First Amendment and the IRS
Many Americans probably believe the First Amendment is our ironclad guarantee of freedom of speech. Apparently, however, the Bill of Rights is not sufficient protection – or at least is not viewed that way by most members of the U.S. House of Representatives.
By an overwhelming voice vote, the House has approved a bill specifically forbidding the Internal Revenue Service from punishing people who exercise their right to freedom of speech. The measure was a reaction to revelations three years ago that an IRS unit harassed some conservative political groups.
Lawmakers understand the First Amendment stands on its own as a bar to such political targeting, of course. The bill approved Tuesday probably was more an expression of frustration than anything else.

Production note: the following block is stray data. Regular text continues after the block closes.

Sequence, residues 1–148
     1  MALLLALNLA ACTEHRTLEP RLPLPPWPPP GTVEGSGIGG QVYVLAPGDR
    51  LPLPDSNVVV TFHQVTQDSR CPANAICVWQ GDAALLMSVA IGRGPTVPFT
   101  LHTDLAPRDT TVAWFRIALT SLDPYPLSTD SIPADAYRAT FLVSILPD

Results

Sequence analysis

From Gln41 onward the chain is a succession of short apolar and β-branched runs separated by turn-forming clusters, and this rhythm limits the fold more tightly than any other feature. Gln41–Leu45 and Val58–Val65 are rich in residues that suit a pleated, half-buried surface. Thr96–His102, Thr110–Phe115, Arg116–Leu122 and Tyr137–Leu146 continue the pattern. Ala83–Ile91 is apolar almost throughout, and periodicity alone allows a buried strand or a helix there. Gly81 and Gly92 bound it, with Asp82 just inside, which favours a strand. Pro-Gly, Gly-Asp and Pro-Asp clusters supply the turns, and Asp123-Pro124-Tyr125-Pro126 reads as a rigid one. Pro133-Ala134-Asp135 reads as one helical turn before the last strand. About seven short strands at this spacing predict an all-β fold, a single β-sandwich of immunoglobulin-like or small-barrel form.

Americans, not just our elected representatives, ought to be upset.
President Barack Obama’s Justice Department investigated the scandal. No one was prosecuted.
Lois Lerner, who headed the office in question, was allowed to retire with a full pension. So was another high-ranking IRS official. The agency’s head was forced to resign.
But to our knowledge, no one was ever fired for a clear violation of the?First Amendment.
So that’s it, apparently: We’re all supposed to believe a very light slap on the wrist will force the political class to respect our rights in the future.
Somehow, that is not very reassuring.